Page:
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Thursday, February 28, 2008

Pretzel Recipe

It was a magical, sparkly world out there this morning, one that I traveled with many starts and stops, even backtracking twice. We’ve had an entire week of (mostly) sunshine, and it’s done wonders for people’s spirits. If we change the elements of the game of “rock, paper, scissors” to "cold, light, precipitation," what would beat what? Some things need a period of cold, and there are spells in which we do “need rain,” but when is sunlight unwelcome?

But I promised that brain-twister that has my thinking thing knotted into a pretzel, so here’s the setup: There are three closed doors. Behind one of them is a big prize—say it’s a car—while there’s nothing behind the other two. You get to choose one door, and let’s say you choose Door A. What are your odds of winning the car? One in three, obviously. But all three doors are still closed. All is yet uncertainty and probability. You haven’t won yet.

Now your game show host opens Door C, and you learn that there was nothing behind it. Doors A (your first choice) and B are still closed, and behind one of them is the hot new car. Question to you: Are you better off sticking with your first choice or, when the host gives you the option, switching to Door B? Most people’s intuition is either to stick with A or that it makes no difference, since with only two choices (comparable to heads-or-tails), they reason, they have a 50/50 chance either way.

But probability experts who have worked on this problem say you’re better off switching. They say you initially had one in three odds (granted) but with one door eliminated, your original choice remains at one in three, while the unopened and unchosen door’s odds have jumped to two in three. Scream all you want. They’ll smile at you condescendingly.For a heated, lengthy explanation and discussion of this problem (ultimately humiliating for all the smart people now eating crow), take a look at Marilyn’s claim and subsequent shouting and murmuring.

Being very stubborn (just ask David), I can’t give up yet. Taking a new approach, I imagine a second contestant taking the place of the first at this point. The second contestant's choice is A or B, hence his odds (I think you’ll agree) 50/50. And now my question to the experts is, with two doors still closed, how can the odds be different for two different contestants? What I’m pushing for here (going way out on a limb I have no reason to dare to explore, given my history with math) is that maybe this problem presents a mathematical paradox, as opposed to truth vs. naïvete. But I’m over my head and need help on this one. Tom? Mark? Steve? Walt? ...Anyone?

Meanwhile, a friend out in Cherry Home (north of town), George Carpenter, writes about "Harbingers of Spring" he's noted in the last few days:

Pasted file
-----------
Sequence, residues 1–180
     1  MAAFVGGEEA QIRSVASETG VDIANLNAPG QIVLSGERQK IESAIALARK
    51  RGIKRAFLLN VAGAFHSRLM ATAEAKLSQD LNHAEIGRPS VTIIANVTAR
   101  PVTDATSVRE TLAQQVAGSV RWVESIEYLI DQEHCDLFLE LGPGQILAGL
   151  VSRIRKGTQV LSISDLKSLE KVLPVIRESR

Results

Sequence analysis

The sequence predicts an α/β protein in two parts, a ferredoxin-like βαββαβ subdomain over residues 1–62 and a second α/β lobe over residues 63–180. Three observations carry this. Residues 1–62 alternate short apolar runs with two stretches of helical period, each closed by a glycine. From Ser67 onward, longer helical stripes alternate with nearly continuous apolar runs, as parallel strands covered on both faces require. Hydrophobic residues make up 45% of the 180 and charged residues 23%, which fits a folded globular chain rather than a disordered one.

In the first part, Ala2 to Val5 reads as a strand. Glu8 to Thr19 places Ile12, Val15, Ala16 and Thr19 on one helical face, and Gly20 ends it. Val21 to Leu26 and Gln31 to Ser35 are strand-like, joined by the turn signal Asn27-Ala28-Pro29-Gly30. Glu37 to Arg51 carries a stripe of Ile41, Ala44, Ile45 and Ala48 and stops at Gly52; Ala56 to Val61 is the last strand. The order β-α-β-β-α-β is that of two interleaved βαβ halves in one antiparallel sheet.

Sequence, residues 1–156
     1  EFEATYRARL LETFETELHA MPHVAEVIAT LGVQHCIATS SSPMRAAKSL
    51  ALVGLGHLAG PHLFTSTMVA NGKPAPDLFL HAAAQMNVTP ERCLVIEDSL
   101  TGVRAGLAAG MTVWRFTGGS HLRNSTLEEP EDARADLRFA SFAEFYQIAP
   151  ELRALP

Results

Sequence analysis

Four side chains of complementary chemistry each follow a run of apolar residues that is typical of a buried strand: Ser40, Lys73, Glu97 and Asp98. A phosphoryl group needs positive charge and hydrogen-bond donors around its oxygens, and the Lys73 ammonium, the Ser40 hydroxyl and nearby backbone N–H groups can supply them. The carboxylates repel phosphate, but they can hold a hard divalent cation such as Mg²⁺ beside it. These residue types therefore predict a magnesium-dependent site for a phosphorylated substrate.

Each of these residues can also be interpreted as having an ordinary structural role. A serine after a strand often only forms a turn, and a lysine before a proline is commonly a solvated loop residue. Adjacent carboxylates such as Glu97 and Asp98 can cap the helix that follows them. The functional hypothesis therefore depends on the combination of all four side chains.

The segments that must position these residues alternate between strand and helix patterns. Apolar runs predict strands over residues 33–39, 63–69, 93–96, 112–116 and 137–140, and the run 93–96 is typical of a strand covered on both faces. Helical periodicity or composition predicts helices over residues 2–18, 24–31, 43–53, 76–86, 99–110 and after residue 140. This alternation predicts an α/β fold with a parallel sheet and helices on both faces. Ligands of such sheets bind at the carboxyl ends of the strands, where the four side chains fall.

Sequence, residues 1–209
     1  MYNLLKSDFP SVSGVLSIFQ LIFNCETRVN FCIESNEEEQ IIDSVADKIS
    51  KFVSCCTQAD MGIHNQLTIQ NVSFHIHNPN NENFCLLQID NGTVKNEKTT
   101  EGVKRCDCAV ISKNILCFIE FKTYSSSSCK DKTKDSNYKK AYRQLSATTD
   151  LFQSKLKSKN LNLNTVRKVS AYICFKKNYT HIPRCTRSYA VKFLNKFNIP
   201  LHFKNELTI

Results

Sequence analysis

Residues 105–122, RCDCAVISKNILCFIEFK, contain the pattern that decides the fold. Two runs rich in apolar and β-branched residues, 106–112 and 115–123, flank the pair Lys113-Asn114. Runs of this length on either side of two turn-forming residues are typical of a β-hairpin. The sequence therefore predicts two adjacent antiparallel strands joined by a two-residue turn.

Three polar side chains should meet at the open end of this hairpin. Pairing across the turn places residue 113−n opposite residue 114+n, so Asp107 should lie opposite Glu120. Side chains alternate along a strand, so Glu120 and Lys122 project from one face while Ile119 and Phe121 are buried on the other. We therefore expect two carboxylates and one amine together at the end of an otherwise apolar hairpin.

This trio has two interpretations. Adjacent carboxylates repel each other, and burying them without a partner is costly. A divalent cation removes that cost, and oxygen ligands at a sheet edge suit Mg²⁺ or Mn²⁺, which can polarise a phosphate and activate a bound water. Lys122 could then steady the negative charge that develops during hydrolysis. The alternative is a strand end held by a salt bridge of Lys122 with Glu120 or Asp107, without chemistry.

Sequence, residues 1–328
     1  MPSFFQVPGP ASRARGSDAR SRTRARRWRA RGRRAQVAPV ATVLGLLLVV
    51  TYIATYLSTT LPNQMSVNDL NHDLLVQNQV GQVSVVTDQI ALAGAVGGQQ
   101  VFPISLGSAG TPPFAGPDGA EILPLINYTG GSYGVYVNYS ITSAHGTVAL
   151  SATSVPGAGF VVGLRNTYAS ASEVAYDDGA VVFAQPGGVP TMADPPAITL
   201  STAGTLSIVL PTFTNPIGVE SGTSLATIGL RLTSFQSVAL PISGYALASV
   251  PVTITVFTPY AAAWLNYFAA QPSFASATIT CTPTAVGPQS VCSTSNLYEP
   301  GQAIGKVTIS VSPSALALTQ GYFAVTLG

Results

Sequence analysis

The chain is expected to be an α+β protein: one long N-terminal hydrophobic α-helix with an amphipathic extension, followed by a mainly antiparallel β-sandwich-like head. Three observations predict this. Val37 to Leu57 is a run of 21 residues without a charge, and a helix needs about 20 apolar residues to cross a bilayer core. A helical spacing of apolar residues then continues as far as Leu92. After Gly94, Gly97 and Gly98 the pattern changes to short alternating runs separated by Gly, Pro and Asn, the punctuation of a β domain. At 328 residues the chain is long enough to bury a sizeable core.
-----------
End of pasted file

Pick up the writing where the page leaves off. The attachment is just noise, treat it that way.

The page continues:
"Sunset on the far shore of Grand Traverse Bay (shadow covering the ridge across the bay from us) about 6:10 pm. Crows doing the 'aerial kiss,' both red bellied and hairy woodpeckers paired up (technically this is a partial cheat since they tend to stay in proximitity of each other year round), about 30 starlings back from the south, and an adult bald eagle carrying nesting material in his talons near Woolsey Airport. I probably shouldn't count the cut daffodils I bought today at Tom's because the label says they came from the UK."

Thank you, George, for that cheery report!

One last note on what I'm calling the paradox of the doors: When I said to David and Al, "Now suppose that Al steps out of the game and lets David take his place," David interrupted with a serious car-guy objection. "Why would he do that? Why would he give up his chance to win the car?" "For the sake of the problem!" I answered, and that made perfect sense to Al. Oh, we have fun here at Dog Ears Books!


Anonymous said...

Ahh, I have been struggling with this particular conundrum for years, and I have never been able to accept the logic that supposedly underpins the "correct" answer. I'll follow this thread in the hope of reading some posts from your circle of friendly experts that can perhaps shed some new light for me!

Anonymous said...

You should send this one to Click and Clack.

P. J. Grath said...

I’ll try once more to get this comment up, composing it somewhere else first and copying and pasting it so I don’t lose it a second time. (Grr-r-r, as my son would say.) Latest lesson on this problem from a young college man emphasizes—and you’d think this would have been obvious, but I was too focused on logic to remember that we were playing a rigged game—that the person who opens one of the doors does not do so at random. This is key. Because he knows that he’s opening a door with nothing behind it, and the original contestant realizes this, too, the two unchosen doors had a combined probability of 2/3, and that probability now transfers to the remaining door not chosen. If a new contestant is brought in at this point and never told there were originally two doors, he thinks he has a 50/50 chance whichever door he chooses because he lacks part of the information that would tell him something different, i.e., that one of those doors has a 1/3 chance, the other 2/3. I think I believe it now, thanks to this explanation by Ben Wetherbee.